Stanford, CAA new and improved tool to monitor deforestation and degradation in tropical forests has just gotten a huge boost. The Gordon and Betty Moore Foundation has awarded the Carnegie Institution's Department of Global Ecology with a $1.6-million grant to expand and improve CLASLite (The Carnegie Landsat Analysis System Lite), a new, user-friendly method that enables even the smallest governments and non-governmental organizations (NGOs) to map tropical forests from their desktops. The technology will rapidly advance deforestation and degradation mapping in Latin America, and will help rain forest nations better monitor their changing carbon budgets.
"About 20 percent of global greenhouse gas emissions come from deforestation and degradation of tropical forests," remarked project leader Greg Asner. "And much of it occurs in developing nations, where monitoring capabilities are often unavailable to governments and NGOs. This grant allows us to improve and expand CLASLite, and to train many people from tropical forest nations so that they can determine where and when forest losses are occurring. Perhaps most importantly, rain forest nations will be able to better determine how much CO2 comes from deforestation and degradationinformation that has been very scarce in the past. We hope that CLASLite will become a central tool for rain forest monitoring in support of global carbon crediting for REDDthe United Nations initiative on Reduced Emissions from Deforestation and Degradation."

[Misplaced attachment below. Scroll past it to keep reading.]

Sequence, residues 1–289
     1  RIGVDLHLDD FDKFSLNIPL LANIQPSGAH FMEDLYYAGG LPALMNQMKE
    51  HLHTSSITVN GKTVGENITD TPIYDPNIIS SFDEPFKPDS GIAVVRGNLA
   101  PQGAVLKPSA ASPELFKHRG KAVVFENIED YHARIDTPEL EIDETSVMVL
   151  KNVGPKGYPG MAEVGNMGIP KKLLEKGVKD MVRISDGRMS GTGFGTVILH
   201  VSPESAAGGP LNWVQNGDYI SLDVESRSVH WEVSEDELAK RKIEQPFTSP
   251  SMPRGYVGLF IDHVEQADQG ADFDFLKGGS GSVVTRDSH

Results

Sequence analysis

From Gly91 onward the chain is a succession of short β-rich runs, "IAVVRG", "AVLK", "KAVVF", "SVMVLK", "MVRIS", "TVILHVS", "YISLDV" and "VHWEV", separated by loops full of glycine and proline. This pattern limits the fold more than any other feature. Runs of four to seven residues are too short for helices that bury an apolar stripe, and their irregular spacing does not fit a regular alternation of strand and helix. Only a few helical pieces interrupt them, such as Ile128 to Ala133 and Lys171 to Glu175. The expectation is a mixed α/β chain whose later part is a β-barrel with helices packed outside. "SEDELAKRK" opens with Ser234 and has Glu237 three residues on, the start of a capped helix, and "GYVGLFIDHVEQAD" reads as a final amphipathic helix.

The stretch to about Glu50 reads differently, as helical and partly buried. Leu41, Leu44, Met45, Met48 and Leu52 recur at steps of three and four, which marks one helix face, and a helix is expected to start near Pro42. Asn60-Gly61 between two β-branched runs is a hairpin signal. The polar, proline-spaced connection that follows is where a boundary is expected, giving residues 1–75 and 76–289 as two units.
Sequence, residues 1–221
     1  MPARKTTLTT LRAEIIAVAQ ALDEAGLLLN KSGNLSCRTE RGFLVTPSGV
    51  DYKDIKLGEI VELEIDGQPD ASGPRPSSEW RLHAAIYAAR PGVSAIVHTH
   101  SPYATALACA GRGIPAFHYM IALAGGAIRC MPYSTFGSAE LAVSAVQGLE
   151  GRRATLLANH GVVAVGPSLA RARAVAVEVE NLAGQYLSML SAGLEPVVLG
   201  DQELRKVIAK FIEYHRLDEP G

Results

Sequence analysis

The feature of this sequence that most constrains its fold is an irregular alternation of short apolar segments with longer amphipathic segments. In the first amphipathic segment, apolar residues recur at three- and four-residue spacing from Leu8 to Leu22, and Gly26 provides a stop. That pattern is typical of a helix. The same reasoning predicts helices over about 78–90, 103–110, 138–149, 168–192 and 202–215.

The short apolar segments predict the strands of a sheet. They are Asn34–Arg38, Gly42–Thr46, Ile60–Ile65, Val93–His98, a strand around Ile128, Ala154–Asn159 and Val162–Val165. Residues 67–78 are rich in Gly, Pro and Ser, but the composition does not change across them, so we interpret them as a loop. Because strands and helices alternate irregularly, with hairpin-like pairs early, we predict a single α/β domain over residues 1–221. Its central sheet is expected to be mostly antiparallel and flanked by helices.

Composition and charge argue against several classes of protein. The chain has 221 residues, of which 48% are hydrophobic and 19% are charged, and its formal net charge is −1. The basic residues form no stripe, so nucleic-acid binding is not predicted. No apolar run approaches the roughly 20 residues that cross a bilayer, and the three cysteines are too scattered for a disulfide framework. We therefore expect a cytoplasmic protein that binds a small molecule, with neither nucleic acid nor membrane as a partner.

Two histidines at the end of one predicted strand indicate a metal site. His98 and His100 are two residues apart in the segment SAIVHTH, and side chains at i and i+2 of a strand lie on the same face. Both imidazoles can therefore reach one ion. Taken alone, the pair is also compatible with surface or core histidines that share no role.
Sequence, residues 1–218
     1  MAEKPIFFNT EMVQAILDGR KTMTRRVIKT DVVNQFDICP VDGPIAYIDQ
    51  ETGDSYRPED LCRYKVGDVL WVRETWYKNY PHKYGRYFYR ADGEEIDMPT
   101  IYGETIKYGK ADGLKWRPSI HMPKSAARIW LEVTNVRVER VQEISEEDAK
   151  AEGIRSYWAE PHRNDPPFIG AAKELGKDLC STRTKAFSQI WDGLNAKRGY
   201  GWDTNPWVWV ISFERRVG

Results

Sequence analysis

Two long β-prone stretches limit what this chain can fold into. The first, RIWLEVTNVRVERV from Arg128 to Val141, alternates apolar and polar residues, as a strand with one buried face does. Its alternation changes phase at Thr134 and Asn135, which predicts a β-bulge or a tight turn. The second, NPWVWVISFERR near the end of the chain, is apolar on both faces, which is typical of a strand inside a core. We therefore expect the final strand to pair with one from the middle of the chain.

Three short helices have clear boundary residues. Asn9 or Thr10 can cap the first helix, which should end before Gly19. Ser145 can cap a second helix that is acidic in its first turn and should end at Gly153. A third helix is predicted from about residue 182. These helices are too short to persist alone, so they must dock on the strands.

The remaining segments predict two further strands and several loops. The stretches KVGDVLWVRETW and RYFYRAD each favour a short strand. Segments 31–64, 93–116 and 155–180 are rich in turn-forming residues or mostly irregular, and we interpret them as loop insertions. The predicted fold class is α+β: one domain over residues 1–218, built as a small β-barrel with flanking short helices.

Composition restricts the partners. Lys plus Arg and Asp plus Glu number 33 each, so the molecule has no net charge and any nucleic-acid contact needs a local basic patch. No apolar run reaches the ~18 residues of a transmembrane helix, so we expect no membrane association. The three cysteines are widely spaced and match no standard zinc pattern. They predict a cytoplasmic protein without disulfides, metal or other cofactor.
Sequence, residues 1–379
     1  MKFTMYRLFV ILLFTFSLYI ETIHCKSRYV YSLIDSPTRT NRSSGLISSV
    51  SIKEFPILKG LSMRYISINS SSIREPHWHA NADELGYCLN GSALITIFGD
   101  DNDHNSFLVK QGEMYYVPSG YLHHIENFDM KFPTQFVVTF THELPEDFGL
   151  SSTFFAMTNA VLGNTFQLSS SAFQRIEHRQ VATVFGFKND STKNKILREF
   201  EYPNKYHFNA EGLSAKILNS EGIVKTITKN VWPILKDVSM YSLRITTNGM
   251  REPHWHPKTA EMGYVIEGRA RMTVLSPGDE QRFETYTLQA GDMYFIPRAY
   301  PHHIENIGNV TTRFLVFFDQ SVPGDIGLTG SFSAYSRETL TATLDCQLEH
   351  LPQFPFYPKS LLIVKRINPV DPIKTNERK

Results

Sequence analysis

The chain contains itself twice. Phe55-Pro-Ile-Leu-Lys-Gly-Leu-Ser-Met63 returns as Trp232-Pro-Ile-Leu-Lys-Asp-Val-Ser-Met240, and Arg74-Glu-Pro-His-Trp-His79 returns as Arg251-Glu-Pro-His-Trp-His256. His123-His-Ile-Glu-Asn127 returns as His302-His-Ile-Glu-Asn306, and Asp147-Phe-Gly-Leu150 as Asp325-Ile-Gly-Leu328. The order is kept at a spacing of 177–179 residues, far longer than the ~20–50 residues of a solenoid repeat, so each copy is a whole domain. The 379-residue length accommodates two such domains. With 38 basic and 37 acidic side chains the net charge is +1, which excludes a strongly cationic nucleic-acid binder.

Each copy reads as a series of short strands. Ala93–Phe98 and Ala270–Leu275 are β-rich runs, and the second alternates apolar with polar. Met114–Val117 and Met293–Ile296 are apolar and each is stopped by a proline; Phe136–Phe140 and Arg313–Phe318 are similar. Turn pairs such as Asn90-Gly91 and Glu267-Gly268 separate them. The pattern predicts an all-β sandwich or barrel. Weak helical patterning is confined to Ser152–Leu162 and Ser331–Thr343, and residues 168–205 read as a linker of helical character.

The first land observation satellite "Landsat" was launched in the early 1970s, but the image analysis techniques employed at the time could not easily penetrate the upper layers of forest leaves. Beginning in 1999, Asner and colleagues started analyzing satellite imagery of Brazilian rain forests using CLAS's advanced computational methods and pattern-recognition algorithms. Their techniques allow the penetration of the canopy at a scale of about 100 square feet
|Contact: Greg Asner|